Things get darker (both literally and figuratively) as Eagulls take to the Camp stage. The band starts off strong, diving right into creating a pulsating, agitated noise. George Mitchell’s vocals cast an ominous sentiment across the room, with a black and white backdrop of a vintage film clips adding the feeling of doomed noir.
If psych music is all about the trip, then this is when you realise your mind is a hell-bent distorted. Moonlandingz are the epitome of hedonistic fun. There’s a Rocky Horror Show vibe as Johnny Rocket (aka Lias Saoudi from Fat White Family) sleazes around on stage wearing a silver crotch piece and red body paint, accompanied by Rebecca Taylor (from Slow Club) as his glamorous sidekick. The audience love it, and Johnny is enthusiastic in lapping it all up. It’s ridiculously good entertainment, and makes for the ideal live performance.
With each stage having a limited capacity, it’s no surprise there’s a bit of a queue to get into The Horrors. What is surprising though is seeing two of the band members waiting in said queue. After a bit of collective chuckle, the queue direct the boys to the smaller side door. Once inside, the wait is worth it.
With the help of a mesmerising laser light show, and shielded by the fog of a smoke machine, the band are an otherworldly presence. Faris Badwan delivers his vocals with brutal indifference, adding to their aura of slick detached cool. While Moonlandingz were indulgent fun, this is when the trip gets introspective. The layers are intense, with synth beats, fat bass and wailing guitar all coming together to create a menacing sound for every track. Older material is reworked to seamlessly fit with more ‘psych’ releases of recent years. And while it’s easy to diss the band for their total lack of audience interaction, their dedication to the gothic aesthetic is admirable.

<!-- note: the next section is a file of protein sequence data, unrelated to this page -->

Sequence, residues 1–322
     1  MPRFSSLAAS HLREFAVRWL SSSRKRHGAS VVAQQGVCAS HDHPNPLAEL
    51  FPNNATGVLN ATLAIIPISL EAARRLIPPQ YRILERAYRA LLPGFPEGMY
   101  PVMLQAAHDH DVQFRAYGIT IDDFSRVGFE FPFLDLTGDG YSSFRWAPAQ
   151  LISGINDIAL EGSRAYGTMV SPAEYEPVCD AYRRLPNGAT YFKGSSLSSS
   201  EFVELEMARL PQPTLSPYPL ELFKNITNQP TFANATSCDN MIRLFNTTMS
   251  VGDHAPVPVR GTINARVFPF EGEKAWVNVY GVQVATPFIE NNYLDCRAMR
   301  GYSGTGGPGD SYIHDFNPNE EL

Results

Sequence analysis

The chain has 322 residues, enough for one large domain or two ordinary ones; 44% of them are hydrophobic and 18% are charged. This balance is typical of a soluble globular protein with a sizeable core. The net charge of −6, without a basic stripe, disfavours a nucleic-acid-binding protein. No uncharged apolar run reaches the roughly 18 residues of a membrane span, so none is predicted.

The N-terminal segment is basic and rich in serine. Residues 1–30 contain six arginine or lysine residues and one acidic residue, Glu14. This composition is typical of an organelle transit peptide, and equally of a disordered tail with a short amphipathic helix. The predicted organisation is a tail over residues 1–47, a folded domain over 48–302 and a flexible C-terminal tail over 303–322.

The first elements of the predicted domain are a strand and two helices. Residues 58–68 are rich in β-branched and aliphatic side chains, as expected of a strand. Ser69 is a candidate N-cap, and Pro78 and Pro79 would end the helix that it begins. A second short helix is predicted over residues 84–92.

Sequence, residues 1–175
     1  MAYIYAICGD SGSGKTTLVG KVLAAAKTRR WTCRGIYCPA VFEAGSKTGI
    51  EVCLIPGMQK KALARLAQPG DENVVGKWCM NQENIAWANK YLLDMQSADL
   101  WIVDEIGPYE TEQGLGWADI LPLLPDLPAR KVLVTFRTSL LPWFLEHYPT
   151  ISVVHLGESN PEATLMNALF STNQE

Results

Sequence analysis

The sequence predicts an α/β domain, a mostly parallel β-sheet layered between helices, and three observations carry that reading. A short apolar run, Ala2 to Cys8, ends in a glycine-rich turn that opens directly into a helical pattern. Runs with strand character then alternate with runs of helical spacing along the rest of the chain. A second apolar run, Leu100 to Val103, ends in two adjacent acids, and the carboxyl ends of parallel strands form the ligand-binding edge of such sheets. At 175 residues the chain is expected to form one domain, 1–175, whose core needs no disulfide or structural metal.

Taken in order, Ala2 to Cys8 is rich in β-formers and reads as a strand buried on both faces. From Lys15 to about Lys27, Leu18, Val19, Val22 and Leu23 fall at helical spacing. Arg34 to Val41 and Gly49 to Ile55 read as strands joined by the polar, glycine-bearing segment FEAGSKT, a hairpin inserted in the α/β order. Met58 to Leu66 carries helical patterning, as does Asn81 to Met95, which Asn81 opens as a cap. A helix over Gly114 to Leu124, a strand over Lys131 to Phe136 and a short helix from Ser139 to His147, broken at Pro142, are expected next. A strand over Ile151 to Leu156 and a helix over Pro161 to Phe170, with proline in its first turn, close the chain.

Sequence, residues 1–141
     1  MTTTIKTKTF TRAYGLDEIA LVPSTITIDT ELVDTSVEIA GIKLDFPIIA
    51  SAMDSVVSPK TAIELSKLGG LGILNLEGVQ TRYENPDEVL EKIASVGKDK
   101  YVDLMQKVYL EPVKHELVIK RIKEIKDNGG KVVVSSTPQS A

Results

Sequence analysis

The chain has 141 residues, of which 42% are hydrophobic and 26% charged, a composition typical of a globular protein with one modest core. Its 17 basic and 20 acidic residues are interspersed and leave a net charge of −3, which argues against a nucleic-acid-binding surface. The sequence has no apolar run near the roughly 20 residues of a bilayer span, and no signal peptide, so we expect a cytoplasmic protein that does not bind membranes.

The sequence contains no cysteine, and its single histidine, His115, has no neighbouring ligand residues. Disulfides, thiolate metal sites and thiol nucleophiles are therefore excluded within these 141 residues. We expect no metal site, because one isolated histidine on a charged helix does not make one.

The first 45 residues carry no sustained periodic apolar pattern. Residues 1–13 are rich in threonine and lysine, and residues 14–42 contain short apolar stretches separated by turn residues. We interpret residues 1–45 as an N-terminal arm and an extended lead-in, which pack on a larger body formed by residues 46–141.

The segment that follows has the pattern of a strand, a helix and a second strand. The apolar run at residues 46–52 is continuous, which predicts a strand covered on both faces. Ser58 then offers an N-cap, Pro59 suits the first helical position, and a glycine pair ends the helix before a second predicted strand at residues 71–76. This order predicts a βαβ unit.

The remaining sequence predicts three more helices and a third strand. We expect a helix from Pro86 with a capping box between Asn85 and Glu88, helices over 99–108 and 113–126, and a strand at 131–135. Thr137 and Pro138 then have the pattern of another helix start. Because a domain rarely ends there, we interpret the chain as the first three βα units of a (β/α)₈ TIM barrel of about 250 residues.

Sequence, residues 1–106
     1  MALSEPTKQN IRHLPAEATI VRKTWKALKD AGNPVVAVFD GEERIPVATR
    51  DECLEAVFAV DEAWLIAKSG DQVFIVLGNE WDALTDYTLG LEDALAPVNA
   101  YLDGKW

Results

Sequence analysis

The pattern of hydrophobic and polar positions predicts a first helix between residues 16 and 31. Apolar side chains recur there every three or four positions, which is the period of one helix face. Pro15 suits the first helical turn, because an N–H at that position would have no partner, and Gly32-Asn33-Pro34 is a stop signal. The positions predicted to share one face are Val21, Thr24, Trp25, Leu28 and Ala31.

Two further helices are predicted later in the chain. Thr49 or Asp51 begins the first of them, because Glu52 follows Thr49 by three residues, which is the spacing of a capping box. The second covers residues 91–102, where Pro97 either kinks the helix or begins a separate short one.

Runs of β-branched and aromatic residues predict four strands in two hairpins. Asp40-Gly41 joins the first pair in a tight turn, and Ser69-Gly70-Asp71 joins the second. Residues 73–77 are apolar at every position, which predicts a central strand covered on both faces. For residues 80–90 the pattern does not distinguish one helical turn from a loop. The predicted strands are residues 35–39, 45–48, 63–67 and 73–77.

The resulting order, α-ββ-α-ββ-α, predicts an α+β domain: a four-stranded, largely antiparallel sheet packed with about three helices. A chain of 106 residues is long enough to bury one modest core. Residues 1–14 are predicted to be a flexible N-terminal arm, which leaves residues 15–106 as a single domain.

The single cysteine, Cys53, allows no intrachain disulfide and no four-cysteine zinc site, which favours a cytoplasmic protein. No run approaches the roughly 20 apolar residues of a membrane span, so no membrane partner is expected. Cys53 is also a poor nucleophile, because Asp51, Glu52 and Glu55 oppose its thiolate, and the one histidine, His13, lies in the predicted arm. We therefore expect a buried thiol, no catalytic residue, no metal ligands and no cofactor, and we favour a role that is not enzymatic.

There’s a real international feel to the festival, having met people who had travelled from different continents, counties and corners of the Merseyside to attend. It’s also worth noting the strong Japanese flavour to the weekend’s proceedings, with the likes of Minami Deutsch, Kikagaku Moyo and Acid Mothers Temple creating quite the stir. Plus, more than once were conversations about moving to Japan overheard.
It’s a festival with good vibes only. Accidentally spilt drinks are greeted with sympathetic smiles, and empty benches are filled with chatty strangers. In a time when so many alternative festivals are heading towards homogeny, Liverpool Psych Fest manages to retain its edge. From the mod girls in go-go boots to the dandy boys in velvet blazers, and the groups of old blokes just having a great time, the generationally diverse crowd really adds to the friendly and creative feel of the festival.
Liverpool holds onto an aura of open-mindedness and escapism. With its back against England and its eyes towards the Atlantic, the city is the perfect place for all international and galactic psych-heads to congregate and lap in the beauty that psychedelia has to offer.
Venue: Camp + Furnace
Support Band: .